Finding What You’re Looking For? Exploring the Eating Disorder Examination Questionnaire

If you’ve ever been assessed for an eating disorder in a clinical setting, there is a good chance you’ve completed the Eating Disorder Examination Questionnaire (EDE-Q). The EDE–Q is a self-report questionnaire widely used in ED assessment and research. Clinicians and researchers calculate several different scores from patient or participant responses to the questionnaire:

  • A score on the global scale, which provides a measure of the severity of ED psychopathology
  • 4 sub-scales: eating restraint, eating concern, weight concern and shape concern

There are a number of cut-off scores that can be used to distinguish between clinically significant and non-significant cases. In this post, I will look at a few papers critiquing the use of the EDE-Q in clinical and research settings.


The EDE-Q was originally developed as an assessment tool for bulimia nervosa and binge eating and contains few, if any, questions that specifically assess anorexia nervosa symptomology. However, it is used for assessment of all EDs and responses to the questionnaire inform much research into AN.

But is the EDE-Q actually able to detect an ED? In 2013, Thomas, Roberto and Berg looked at the EDE (the longer, interview-based version of the EDE-Q) in some depth, and concluded that it has some serious limitations and should be retired. They raised a number of concerns, including that

  • It doesn’t fit well with the new DSM-5 diagnoses
  • It is unsuitable for use with men

What does this look like in practice? Let’s look at questions 11 and 12 that, on the surface, appear to address AN symptomology.

On how many of the past 28 days …
11. Have you felt fat?
12. Have you had a strong desire to lose weight?

It’s obvious that responses would carry a completely different meaning if the respondent were overweight or underweight. In an emaciated respondent, even a low score might indicate a serious disturbance in perception, whereas in an overweight person a high score could be clinically unremarkable. But the EDE-Q is unable to make this distinction: it simply assesses the second (person in a larger body) as having a higher level of ED psychopathology.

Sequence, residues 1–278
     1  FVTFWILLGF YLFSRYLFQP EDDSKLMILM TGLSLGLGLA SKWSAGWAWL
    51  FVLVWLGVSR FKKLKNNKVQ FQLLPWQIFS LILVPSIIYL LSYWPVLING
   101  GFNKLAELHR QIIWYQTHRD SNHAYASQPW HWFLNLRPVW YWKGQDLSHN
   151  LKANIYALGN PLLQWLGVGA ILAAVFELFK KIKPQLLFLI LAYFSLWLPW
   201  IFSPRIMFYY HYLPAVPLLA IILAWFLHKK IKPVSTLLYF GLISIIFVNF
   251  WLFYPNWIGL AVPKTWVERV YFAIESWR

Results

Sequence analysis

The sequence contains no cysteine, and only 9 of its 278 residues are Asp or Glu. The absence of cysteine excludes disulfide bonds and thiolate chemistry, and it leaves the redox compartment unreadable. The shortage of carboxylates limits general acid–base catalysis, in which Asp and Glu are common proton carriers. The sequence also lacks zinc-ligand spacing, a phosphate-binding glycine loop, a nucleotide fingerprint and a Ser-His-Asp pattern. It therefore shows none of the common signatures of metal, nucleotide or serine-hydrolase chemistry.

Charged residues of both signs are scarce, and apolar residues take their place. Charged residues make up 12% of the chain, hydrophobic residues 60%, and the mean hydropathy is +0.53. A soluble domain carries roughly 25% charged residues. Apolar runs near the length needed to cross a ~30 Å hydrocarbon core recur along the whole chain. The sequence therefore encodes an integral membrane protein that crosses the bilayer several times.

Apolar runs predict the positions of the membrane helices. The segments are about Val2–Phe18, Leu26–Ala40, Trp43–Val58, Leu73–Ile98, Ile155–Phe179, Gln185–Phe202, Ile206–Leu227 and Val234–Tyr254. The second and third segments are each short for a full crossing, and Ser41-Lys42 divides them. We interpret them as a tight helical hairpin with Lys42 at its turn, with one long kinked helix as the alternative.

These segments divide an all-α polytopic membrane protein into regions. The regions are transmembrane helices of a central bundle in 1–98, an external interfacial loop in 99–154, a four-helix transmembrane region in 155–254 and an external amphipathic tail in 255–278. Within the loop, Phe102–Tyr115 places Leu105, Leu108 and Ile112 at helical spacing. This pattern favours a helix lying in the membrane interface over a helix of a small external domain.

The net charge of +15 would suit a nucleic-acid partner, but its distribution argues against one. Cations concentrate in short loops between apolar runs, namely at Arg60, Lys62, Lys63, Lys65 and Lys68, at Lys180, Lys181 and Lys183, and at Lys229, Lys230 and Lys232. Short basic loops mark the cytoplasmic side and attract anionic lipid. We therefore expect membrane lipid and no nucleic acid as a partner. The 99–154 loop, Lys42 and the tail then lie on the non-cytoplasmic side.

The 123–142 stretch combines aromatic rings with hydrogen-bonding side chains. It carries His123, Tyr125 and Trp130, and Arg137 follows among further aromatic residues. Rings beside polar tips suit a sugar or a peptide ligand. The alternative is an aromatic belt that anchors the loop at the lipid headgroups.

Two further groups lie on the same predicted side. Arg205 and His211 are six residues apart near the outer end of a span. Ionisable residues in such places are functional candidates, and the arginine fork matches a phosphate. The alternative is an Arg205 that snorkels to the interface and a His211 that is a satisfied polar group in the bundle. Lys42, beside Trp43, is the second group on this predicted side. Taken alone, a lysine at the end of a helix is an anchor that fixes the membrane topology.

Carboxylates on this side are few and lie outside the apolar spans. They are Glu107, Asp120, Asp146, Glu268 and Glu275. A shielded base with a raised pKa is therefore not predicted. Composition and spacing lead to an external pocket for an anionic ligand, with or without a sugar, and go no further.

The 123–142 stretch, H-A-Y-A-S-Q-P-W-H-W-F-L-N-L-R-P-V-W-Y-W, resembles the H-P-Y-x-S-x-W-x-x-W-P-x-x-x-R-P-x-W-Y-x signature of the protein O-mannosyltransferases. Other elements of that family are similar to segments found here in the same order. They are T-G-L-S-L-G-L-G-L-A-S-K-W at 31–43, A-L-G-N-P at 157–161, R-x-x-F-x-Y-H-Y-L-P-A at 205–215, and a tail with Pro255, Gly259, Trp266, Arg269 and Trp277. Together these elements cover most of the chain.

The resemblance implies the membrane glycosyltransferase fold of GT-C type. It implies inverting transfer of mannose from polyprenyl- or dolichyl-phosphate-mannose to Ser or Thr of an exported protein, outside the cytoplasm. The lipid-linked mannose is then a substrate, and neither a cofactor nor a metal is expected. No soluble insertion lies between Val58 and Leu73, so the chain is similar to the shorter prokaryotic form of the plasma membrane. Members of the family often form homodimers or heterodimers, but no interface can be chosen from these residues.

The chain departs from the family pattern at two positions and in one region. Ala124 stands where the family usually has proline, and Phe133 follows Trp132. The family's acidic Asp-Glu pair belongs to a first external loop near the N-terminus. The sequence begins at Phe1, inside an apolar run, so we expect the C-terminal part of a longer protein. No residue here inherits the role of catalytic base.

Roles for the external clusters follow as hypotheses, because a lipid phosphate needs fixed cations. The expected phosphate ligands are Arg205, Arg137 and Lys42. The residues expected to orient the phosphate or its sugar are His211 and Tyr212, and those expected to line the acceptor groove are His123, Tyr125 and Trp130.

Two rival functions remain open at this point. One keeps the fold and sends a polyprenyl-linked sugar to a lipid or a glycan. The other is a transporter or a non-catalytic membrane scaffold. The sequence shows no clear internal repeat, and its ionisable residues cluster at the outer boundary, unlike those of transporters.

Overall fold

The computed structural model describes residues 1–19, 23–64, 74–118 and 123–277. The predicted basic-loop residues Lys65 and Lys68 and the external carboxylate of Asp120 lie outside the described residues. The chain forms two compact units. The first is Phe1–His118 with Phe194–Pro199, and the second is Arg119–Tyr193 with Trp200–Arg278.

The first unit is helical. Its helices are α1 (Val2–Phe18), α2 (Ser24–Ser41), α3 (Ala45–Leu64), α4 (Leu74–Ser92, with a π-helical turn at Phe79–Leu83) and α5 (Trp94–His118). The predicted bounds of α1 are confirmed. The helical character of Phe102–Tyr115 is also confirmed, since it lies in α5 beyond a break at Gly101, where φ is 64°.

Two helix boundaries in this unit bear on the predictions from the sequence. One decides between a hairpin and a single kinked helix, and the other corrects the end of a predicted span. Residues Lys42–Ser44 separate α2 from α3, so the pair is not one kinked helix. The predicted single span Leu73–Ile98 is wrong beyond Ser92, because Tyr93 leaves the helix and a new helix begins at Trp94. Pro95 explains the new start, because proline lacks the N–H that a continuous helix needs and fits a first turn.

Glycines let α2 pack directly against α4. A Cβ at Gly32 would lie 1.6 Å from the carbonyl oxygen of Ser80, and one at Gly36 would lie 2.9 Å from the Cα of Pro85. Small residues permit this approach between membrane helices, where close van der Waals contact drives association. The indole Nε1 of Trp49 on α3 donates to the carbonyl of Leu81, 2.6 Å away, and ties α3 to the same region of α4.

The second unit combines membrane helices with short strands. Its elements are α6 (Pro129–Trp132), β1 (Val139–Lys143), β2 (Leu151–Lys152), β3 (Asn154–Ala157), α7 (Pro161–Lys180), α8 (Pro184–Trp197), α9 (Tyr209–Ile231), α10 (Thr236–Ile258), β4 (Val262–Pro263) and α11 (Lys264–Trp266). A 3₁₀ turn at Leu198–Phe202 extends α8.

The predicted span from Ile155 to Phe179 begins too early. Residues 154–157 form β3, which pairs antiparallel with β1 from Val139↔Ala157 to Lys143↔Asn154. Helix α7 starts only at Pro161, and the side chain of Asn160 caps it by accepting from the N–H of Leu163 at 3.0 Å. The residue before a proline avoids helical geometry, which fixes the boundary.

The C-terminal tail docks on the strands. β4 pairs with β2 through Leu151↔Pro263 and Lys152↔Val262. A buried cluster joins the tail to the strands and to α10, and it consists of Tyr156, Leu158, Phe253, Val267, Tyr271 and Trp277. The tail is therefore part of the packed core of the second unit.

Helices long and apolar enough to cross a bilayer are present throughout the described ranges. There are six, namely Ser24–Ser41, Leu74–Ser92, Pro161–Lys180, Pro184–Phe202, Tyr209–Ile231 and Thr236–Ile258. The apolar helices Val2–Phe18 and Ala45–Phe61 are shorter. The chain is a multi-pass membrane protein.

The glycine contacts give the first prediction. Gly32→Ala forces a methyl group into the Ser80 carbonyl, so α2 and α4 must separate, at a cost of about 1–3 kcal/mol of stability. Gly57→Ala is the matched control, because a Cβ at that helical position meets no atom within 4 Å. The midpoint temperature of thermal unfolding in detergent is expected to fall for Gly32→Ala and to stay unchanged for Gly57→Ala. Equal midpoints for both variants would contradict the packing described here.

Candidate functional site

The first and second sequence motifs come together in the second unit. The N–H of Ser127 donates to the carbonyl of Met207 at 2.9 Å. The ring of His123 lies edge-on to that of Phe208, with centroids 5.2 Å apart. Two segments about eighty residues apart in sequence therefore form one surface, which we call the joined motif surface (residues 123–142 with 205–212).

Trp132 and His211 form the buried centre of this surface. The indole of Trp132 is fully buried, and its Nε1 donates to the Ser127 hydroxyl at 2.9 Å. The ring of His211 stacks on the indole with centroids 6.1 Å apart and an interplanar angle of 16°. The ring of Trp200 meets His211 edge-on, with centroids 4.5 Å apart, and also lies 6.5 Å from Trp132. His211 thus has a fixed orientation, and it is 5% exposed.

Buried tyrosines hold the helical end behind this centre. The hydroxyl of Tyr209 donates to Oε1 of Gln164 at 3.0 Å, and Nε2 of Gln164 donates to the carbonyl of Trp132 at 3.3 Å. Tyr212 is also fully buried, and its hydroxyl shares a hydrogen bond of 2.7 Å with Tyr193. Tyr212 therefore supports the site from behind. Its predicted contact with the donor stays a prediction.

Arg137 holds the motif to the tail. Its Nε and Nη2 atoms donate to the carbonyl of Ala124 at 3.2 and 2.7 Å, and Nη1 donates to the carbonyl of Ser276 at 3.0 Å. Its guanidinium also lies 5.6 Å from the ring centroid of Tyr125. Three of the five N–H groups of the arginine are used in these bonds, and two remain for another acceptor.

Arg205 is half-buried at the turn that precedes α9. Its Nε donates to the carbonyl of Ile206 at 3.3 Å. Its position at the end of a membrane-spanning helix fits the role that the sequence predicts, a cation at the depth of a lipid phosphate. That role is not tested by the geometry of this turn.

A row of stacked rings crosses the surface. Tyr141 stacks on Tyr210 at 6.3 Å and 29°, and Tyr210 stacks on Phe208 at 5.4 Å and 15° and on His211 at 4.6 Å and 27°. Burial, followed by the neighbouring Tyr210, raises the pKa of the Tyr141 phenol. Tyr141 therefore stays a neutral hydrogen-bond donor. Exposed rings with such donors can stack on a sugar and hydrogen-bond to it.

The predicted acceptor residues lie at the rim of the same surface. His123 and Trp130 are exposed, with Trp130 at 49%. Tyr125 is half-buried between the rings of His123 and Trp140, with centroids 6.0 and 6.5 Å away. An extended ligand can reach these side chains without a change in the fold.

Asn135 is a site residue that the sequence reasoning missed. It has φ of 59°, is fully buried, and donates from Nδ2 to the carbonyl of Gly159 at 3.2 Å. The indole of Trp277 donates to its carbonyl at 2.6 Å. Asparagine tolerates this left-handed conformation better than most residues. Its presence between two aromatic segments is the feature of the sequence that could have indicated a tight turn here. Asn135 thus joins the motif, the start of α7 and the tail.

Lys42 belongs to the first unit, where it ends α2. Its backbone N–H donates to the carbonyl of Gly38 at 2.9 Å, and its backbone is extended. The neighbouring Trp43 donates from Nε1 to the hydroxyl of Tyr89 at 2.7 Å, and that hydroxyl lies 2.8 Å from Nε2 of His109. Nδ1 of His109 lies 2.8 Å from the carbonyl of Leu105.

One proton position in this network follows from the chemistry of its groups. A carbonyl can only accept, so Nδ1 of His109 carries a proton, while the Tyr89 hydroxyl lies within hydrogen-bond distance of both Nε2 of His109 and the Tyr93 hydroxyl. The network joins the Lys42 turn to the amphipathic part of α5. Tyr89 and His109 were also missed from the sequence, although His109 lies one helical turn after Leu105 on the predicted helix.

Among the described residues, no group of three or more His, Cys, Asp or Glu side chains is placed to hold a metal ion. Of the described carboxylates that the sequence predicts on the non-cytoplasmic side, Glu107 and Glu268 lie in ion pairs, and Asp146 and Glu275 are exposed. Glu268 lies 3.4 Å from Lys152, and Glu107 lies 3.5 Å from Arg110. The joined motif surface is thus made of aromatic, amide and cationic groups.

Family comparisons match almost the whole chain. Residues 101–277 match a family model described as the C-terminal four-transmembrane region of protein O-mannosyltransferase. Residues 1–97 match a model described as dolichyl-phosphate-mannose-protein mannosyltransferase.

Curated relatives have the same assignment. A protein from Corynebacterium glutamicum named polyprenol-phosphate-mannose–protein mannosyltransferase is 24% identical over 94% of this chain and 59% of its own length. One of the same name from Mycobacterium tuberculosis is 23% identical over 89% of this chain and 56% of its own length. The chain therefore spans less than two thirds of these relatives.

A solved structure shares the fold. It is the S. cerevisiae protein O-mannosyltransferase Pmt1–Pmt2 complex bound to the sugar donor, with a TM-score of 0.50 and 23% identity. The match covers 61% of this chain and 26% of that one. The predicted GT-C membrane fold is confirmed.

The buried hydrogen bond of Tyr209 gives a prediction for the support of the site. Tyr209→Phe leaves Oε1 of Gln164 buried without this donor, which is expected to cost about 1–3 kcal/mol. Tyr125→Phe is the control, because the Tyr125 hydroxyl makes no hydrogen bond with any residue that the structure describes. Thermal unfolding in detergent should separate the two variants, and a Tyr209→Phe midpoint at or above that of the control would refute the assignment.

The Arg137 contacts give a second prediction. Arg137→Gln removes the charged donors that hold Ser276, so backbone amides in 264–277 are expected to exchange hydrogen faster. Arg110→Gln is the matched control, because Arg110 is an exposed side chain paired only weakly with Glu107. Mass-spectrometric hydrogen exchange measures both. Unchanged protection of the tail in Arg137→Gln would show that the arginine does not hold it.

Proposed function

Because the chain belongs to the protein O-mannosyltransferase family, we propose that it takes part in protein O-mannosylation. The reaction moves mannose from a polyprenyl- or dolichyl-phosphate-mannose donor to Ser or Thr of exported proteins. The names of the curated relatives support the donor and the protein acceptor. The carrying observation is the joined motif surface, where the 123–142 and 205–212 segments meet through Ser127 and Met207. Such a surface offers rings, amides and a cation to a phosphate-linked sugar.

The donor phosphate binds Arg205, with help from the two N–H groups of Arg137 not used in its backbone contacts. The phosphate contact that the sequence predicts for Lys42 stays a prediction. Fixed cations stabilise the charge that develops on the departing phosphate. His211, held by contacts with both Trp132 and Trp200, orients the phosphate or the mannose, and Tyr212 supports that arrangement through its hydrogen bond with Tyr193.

In fact, it is not uncommon for people with AN to obtain sub-clinical scores. To quote from Thomas, Roberto & Berg:

Indeed, since scoring within one standard deviation of EDE community norms is now being used as a criterion for remission in transdiagnostic treatment studies (e.g. Fairburn et al., 2009), it seems somewhat problematic that, in two recent trials of CBT for AN, 42% of adolescents (Dalle Grave, Calugi, Doll, & Fairburn,2013) and 33% of adults (Fairburn et al., 2013) already scored in the normative range before treatment even took place.

In another study, Ro, Reas and Rosenvinge (2012) looked at how EDE-Q scores vary based on age and BMI. The authors identified that a higher BMI is in itself a predictor of high EDE-Q scores, even in the absence of an ED. Their conclusion was that it may actually be normative (i.e., common, frequent, and even socially sanctioned) for those who are living in larger bodies to have higher scores on the EDE-Q; accordingly, those using the EDE-Q to diagnose EDs should take BMI into account.

A surprising thing about the EDE-Q is how much it focuses on “normative” body image and dieting behaviours while asking nothing about behaviours that might point to a clinical ED–for example, feeling compelled to restrict, or eating for emotional reasons. Therefore, it is perhaps not surprising that it often misses cases of EDs: it doesn’t appear to search for them.

It may be, then, that the EDE-Q is not actually identifying EDs as much as it is identifying symptoms associated with EDs in those who may or may not have clinical EDs.


One of the most serious issues with the EDE-Q is that it does not present the option of any motivation for ED behaviour other than shape and weight concerns. Immediately, this rules out all other commonly cited reasons for restricting, binging and purging–for instance (and among other things) trauma, anxiety, auto-protection and control.

Even sections of the EDE-Q that are unrelated to weight concern or shape concern are built on the assumption that weight or shape concern drive the ED. For example, questions 1-5 (which score in the sub-scale eating restraint) all include the qualifying phrase “to influence your shape or weight.” In other words, dietary restriction such as fasting, eliminating food groups and keeping within low calorie limits is only accepted as indicative of an ED if it is carried out because of concerns about shape and weight.